logo AyiConnect Staff, Feb 23, 2024
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The Ultimate Guide to Making Your Nanny's First Day a Success

Bringing a new nanny into your home to care for your children is an exciting yet anxiety-provoking time. You want to ensure your nanny's first day goes as smoothly as possible so they feel comfortable and prepared to take excellent care of your kids. The key to nanny first-day success is being organized, communicative, and thoughtful in your preparations and activities.

In this comprehensive guide, we will walk you through everything you need to do leading up to and during your nanny's critical first day. Follow these tips, and you’ll be setting your whole working relationship up for happiness and success.

Key Takeaways

  • Prepare the household and set expectations by discussing schedules, responsibilities, boundaries, safety procedures, and more.
  • Tour the nanny around the home and neighborhood to familiarize them with the environment.
  • Establish open communication and gauge chemistry by building a good working relationship.
  • Set house rules and daily routine so the nanny understands the children’s schedule.
  • Provide helpful first-day feedback to get the relationship off to a productive start.
  • Provide emergency contact information, pediatrician advice, and other important details like allergies.

Preparation for the Nanny's First Day

The preparation you do leading up to your nanny's first day will set the tone for your entire working relationship. From the initial conversations to making the house nanny-ready, use the weeks and days beforehand to get organized and establish expectations.

Expectations and Preparations

In the weeks before your nanny's start date, focus conversations on pragmatically preparing for their first day on the job. Discuss expectations in terms of schedule, responsibilities in caring for your kids, and any particular rules or procedures in your family. Answer any initial questions or concerns your nanny has so you’re both on the same page. Prepare forms, paperwork, and any employee manuals ahead of time for a seamless onboarding process.

Designate a workspace or room for your nanny to utilize on the job. Stock up on any needed supplies, create cubbies or folders for the kids, and childproof as necessary. Think through safety procedures from a fresh perspective and make adjustments to ensure your nanny has all the tools and knowledge to properly respond to emergencies.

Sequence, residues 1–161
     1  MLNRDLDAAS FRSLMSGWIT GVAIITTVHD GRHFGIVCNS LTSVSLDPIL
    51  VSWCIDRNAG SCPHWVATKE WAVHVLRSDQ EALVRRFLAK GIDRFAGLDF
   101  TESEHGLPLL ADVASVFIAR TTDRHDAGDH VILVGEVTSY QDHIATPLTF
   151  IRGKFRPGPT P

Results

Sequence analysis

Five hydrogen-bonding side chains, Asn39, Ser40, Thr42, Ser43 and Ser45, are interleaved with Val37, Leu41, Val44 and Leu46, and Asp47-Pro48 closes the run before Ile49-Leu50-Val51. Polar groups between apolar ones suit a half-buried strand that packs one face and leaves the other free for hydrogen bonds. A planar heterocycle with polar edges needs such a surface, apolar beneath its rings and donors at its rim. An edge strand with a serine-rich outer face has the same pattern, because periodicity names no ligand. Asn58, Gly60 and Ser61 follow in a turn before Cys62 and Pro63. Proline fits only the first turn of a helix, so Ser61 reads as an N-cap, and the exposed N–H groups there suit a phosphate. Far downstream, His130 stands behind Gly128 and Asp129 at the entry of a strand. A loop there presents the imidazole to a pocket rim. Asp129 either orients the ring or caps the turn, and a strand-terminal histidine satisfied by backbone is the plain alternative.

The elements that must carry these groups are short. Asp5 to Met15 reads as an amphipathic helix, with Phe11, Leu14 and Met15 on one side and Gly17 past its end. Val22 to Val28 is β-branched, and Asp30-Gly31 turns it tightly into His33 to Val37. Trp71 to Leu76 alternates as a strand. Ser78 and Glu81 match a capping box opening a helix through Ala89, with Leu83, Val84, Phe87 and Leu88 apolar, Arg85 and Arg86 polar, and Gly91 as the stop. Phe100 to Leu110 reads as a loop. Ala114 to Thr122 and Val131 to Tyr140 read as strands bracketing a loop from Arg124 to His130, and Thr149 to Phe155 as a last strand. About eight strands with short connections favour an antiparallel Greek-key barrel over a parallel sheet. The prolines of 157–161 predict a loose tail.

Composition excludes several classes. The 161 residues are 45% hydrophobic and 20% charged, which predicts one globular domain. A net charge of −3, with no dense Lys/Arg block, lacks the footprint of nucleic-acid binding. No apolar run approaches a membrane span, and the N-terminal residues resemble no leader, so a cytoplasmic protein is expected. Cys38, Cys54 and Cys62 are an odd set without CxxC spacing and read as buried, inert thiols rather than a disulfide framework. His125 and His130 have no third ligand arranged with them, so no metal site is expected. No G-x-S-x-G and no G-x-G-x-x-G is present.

For the first few days, if the nanny is late for a few minutes, it is important to overlook it as it is a new routine for a nanny to adjust to. The same goes for a caregiver or a babysitter.

Introducing the Nanny to the Household

Arrange for your nanny to meet all family members early on, including both parents, kids, and any other household staff. Brief kids on the new nanny's name, role, and start date to get them excited. Tell other personnel, such as house cleaners or dog walkers, when they can expect to interact with the new nanny.

Give your nanny an initial tour of the home to become oriented. Show them spaces the kids frequently occupy, safety equipment locations, their designated work zone, kitchen and meal areas, dishwasher, bathrooms, cleaning supplies, etc. Walk through getting in and out of the home including alarm systems, locks, garage access, and spare keys. Give them ample time to ask questions or take notes on your home's layout and systems.

Reviewing Work Schedule and Responsibilities

Before the first day, clearly establish the anticipated weekly or daily work schedule you expect from your nanny, including start and end times plus any flexibility required. Provide an overview of their primary duties and responsibilities in caring for your children. Include details like meal prep, driving to activities, homework help, bedtime routines, and more.

Create a written document, shared digitally, that states clear expectations for cleaning up, child supervision protocols, screen time rules, snack policies, friends visiting, etc. Go over their role managing appointments, organizing activities, handling discipline, and communicating with you and your partner. Confirm required tasks or prohibited activities according to your family's customs.

Nanny's First Day Activities

You've finished all the preparation for a stellar first day - now it's time to put your plans into action! Stay engaged as your nanny gets acquainted with you, your kids, and the daily routine through welcoming relationship-building, thoughtful home tours, and clear communication of how your household runs.